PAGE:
The Treasury Department relied on the recommendations of the Fed to decide which banks were healthy enough to get TARP money and how much, the former officials say. The six biggest U.S. banks, which received $160 billion of TARP funds, borrowed as much as $460 billion from the Fed, measured by peak daily debt calculated by Bloomberg using data obtained from the central bank.
[Congress] had no clue that one bank, New York-based Morgan Stanley (MS), took $107 billion in Fed loans in September 2008
The New York Fed, then headed by Timothy F. Geithner, who’s now Treasury secretary, helped JPMorgan complete the Bear Stearns deal by providing $29 billion of financing, which was disclosed at the time. The Fed also supplied Bear Stearns with $30 billion of secret loans to keep the company from failing before the acquisition closed, central bank data show.
What’s unforgivable is the way policymakers, both at the Fed and elsewhere, basically declared Mission Accomplished as soon as the panic in financial markets subsided and stocks were up again. When spring rolls around, we’ll reach the third anniversary of Ben Bernanke’s declaration that “green shoots” were making an appearance — and there will still be 4 million Americans who have been out of work for more than a year. Yet there has been no sense of urgency about dealing with unemployment; indeed, most of the elite conversation has been about stuff like cutting Social Security payments a decade or two from now. Linkazoo
One comment about some of the folks pushing back against this massive total: Yes, there is a big difference between a $100 lent for 3 days, and a $100 lent overnight rolled over 2 more times. And there is an enormous difference when temporary overnight lending lasts for three years.
Overnight lending, by its definition, is temporary, short term, lower risk, modest impact. It exists to allow slightly over-extended banks to meet their reserve requirements. But rolling overnight lending repeatedly for 3 years is none of those things. And it makes a mockery of these same reserve requirements, and the protective purposes they are supposed to serve.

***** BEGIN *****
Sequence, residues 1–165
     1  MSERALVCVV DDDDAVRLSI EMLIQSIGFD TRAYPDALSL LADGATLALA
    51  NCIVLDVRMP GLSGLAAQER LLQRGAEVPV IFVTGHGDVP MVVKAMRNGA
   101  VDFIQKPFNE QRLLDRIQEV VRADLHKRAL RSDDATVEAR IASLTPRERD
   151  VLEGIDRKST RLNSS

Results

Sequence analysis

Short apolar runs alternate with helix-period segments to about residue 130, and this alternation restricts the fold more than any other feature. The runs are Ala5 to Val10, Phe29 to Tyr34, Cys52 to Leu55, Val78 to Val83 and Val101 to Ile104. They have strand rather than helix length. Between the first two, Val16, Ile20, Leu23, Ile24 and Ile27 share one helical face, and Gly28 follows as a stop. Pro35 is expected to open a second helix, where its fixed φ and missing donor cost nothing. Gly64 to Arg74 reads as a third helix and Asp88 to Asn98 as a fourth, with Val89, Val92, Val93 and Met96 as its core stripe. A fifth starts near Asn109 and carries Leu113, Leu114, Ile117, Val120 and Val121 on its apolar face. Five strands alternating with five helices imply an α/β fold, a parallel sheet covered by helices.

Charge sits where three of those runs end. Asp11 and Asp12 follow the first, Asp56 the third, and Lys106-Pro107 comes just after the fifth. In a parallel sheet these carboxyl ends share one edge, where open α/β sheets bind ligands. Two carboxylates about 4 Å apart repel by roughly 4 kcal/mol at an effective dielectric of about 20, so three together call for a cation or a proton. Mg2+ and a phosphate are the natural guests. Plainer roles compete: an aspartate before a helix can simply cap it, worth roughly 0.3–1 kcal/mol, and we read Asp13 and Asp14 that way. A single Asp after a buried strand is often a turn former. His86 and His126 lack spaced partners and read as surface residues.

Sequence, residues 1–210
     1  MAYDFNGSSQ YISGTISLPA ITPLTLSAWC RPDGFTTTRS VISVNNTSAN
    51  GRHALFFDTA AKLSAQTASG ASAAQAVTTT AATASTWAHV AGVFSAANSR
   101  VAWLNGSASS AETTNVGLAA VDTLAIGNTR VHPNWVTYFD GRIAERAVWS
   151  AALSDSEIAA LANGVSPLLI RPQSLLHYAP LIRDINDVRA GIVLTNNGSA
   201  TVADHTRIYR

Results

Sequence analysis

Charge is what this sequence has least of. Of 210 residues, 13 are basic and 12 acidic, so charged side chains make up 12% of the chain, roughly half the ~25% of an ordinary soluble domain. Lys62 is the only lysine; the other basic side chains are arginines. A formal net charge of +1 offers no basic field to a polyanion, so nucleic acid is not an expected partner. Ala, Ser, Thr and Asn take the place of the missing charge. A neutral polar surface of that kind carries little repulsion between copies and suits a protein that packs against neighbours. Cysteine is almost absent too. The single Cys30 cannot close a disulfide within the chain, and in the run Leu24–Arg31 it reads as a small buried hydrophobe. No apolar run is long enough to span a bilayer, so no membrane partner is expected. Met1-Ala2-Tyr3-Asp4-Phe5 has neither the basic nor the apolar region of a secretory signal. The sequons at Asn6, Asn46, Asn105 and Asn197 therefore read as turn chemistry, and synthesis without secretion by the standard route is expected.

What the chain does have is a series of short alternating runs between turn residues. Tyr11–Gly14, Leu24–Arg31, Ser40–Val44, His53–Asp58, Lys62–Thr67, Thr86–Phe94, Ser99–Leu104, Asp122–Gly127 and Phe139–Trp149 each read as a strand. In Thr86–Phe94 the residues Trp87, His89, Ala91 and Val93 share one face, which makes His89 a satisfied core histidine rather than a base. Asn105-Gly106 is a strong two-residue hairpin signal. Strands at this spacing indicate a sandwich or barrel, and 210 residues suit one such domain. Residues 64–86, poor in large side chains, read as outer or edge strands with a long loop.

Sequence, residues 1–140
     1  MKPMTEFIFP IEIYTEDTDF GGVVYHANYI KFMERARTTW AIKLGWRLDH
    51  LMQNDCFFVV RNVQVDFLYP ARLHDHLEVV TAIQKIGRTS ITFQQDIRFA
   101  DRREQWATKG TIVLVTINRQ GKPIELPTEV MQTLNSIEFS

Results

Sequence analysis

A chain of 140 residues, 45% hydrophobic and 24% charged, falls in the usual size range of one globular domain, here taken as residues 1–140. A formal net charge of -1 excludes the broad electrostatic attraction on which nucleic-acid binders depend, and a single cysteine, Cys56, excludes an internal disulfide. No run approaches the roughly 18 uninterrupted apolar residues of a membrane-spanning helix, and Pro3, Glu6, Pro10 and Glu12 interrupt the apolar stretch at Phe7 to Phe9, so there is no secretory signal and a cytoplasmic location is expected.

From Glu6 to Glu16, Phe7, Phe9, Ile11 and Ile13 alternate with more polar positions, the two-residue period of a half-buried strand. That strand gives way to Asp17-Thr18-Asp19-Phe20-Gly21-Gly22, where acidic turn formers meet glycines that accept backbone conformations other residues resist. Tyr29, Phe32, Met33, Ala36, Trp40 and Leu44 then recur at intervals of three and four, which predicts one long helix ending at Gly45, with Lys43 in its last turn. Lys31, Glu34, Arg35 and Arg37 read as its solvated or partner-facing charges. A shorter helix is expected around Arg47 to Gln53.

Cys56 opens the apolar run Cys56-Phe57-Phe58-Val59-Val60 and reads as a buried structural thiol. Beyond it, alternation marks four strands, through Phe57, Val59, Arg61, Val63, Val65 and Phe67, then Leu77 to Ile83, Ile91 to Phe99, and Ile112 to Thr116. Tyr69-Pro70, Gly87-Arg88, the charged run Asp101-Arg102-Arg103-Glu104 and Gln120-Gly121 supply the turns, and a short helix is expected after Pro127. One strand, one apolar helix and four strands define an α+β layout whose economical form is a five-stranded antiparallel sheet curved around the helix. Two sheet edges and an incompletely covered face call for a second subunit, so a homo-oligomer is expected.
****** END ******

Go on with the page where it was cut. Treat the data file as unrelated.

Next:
The amount of overnight lending reflects how broken our financial system really is. A well capitalized, moderately leverage system does not require this massive liquidity from a central bank — interbank lending should be sufficient. What the data reveals is that the financial sector remains dangerously under-capitalized and overleveraged.
If you're interested in why there haven't been any prosecutions you should read Bill Black's blog regularly. He was part of the team that referred something like 10,000 prosecutions during the S&L scandal and while there are any number of motivations for why this hasn't happened now (all of them related to crony capitalism), the structural reason is apparently that there have been no referrals for prosecution. The SEC has been destroying evidence for years, as Taibbi reported on, and settling left and right as is widely known. For the DoJ to investigate something securities related, someone normally refers a case for prosecution along with all this important data about what happened - because the DoJ's expertise isn't in figuring out securities frauds I guess? Anyway, that, apparently, hasn't happened.
For example, ocean freight shipping essentially stopped completely for a week, or so, because firms involved couldn't get the operating loans they normally got to function.
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